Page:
Tuesday August 02, 2022

More Ramsar sites across India

More Ramsar sites across India

Illustrative image.

India’s Environment Minister Bhupendra Yadav recently took to his twitter account to share the news that five more Indian wetlands have received Ramsar recognition as wetlands of international importance.

These sites include Tamil Nadu’s Karikili Bird Sanctuary, Pallikaranai Marsh Reserve Forest, and Pichavaram Mangrove; Madhya Pradesh’s Sakhya Sagar, and Mizoram’s Pala Wetland. India has the highest number of Ramsar sites among the South Asian nations. India is aiming at getting a Ramsar tag for 75 of its wetlands on the 75th year of independence, according to officials. The list begins with the inclusion of Chilika lake and Keoladeo National Park — the first Ramsar-recognized sites in the country. Conserving wetlands is an essential task for the betterment of humanity and to achieve the Sustainable Development Goals by 2030.

The Karikili Bird Sanctuary is situated in the Kanchipuram district of Tamil Nadu and is well-known for cormorants, egrets, grey heron, darter, spoonbill, grey pelican, white ilbis and night heron. The Pallikaranai Marsh Reserve Forest is one of the last remaining natural wetlands of Chennai located adjacent to the Bay of Bengal. The Pichavaram Mangrove is the second largest mangrove forest in the world covering about 1,100 hectare of area. It is separated from the Bay of Bengal by a sandbar.

As per a report in TravelandLeisureIndia, India’s geographical breadth and tropical diversity has ensured that the country has the maximum number of such sites in South Asia. The Ramsar wetlands in India sprawl over 11,000 sq. km. This is 10% of India’s total wetland area which spreads across 18 states.

Wetlands make approximately 6.4% of the earth’s surface globally. According to the National Wetland Inventory and Assessment of the Indian Space Research Organization, wetlands make about 152,600 square kilometers (4.63%) of the nation’s total land area (ISRO). 43.4% of the 1,52,600 sq. km of the interior area and 24.3% of the coastline area are made up of natural wetlands. 52,600 sq. km are covered by rivers and streams, 24,800 sq. km by reservoirs and barrages, 24,100 sq. km by intertidal mudflats, 13,100 sq. km by tanks, and 7300 sq. km by lakes and ponds, an Asiana Times articles states. Wetlands come in 19 different varieties in India. Gujarat has the highest percentage of wetlands of any state, with 34,700 sq. km or 22.7 percent of all wetlands in the country, or 17.56% of the state’s total geographic area. The extensive coastline of the state is to blame for this. West Bengal (12,400 sq. km), Uttar Pradesh, and Andhra Pradesh each have an area of 14,500 km2 (11,100 sq. km).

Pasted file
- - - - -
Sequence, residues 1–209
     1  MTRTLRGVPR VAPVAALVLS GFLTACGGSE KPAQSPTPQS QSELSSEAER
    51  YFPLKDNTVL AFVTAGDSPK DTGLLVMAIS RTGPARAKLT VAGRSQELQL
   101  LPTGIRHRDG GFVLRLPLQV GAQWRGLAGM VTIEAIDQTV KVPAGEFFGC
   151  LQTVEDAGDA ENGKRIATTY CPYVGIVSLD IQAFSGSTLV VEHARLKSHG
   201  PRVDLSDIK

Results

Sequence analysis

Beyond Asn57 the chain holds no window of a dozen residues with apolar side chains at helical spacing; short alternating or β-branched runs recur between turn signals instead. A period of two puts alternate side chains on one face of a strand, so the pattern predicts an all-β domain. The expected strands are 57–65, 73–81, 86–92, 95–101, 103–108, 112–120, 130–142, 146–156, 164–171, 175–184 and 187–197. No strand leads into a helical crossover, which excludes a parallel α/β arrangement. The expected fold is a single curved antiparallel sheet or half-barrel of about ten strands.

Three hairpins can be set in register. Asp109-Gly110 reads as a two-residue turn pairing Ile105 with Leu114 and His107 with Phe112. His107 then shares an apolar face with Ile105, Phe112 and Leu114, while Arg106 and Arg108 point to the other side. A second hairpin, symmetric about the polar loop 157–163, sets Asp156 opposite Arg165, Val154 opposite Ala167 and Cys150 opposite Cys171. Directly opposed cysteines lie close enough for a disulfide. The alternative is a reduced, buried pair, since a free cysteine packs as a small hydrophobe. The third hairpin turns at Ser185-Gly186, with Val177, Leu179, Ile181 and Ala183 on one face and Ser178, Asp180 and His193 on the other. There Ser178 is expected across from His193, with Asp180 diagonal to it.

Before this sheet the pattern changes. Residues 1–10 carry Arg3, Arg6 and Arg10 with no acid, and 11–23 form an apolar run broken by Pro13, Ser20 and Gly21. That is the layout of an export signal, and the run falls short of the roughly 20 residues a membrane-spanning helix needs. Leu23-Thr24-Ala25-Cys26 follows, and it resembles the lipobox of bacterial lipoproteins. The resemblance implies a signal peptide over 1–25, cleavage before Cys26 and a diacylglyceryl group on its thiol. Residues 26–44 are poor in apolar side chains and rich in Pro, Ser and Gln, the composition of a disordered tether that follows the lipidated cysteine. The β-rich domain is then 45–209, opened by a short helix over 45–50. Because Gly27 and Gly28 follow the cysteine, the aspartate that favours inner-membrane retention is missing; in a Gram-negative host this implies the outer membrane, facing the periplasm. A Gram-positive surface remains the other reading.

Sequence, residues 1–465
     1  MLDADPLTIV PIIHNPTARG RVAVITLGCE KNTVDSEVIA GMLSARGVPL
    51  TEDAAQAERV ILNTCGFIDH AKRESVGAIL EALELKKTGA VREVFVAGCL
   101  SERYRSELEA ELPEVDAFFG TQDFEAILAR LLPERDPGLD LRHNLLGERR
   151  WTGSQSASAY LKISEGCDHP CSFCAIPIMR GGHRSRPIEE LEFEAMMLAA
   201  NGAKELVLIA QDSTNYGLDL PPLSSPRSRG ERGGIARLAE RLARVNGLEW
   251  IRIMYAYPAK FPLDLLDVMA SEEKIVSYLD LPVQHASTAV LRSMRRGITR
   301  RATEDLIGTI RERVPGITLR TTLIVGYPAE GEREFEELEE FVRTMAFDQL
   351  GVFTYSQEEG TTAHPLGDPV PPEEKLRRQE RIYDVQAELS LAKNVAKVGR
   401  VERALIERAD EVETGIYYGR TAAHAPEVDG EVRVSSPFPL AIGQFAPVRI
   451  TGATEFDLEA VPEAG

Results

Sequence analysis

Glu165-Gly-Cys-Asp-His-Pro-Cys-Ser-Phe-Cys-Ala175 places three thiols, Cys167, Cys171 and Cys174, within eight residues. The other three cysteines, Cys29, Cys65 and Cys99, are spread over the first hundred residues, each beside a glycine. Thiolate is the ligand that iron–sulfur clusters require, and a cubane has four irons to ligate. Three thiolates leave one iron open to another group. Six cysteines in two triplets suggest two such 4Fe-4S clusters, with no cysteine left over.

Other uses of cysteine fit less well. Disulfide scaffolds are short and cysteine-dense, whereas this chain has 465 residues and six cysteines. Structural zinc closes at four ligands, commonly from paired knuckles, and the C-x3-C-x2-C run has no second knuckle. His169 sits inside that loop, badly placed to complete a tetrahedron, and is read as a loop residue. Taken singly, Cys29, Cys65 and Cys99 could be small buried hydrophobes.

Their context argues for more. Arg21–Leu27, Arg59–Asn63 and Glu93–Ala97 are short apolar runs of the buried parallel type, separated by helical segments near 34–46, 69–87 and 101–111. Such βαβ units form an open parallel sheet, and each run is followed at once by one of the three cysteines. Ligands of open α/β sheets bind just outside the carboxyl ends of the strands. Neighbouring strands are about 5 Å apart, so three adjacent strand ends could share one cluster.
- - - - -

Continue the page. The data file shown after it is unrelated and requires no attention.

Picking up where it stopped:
The article adds that to escape the harsh winters in their breeding places, many bird species from Central Asia and Siberia migrate to milder tropical locations, including India and the equatorial regions. The Central Asian Flyway safeguards at least 279 populations of 182 migratory waterbird species in compliance with the Convention on the protection of Migratory Species of Wild Animals, including 29 species that are globally threatened or endangered and are only present during breeding, migration, and wintering. Throughout the winter, these migratory birds use the marshes of India as feeding and resting areas.

The Ramsar convention is an intergovernmental treaty for the conservation and sustainable use of Ramsar sites. Under the convention signed in the Iranian city of Ramsar in 1971, a Ramsar site is a wetland that is designated as a site of international importance. The Ramsar Convention is also known as The Convention on Wetlands. For a wetland to be a Ramsar site, it needs to fulfil at least one of the nine criteria defined by the Ramsar Convention. These criteria include supporting vulnerable, endangered, or critically endangered species or threatened ecological communities. If a wetland supports 20,000 or more waterbirds or if it is a crucial source of food for fish, it is also designated as a Ramsar site.

The World Heritage Convention and the Convention on Wetlands have joined hands with the goal of site-based conservation. This includes a range of wetland habitats including lakes and rivers, underground aquifers, swamps and marshes, wet grasslands, peat lands, oases, estuaries, deltas and tidal flats, mangroves, coastal areas, coral reefs, and also human-made sites such as fishponds, rice paddies, reservoirs and salt pans.

As far as global statistics are concerned, the United Kingdom and Mexico have the maximum number of such sites with 175 and 142 sites respectively. In terms of the largest area, Bolivia has 148,000 sq. km under the Convention protection.

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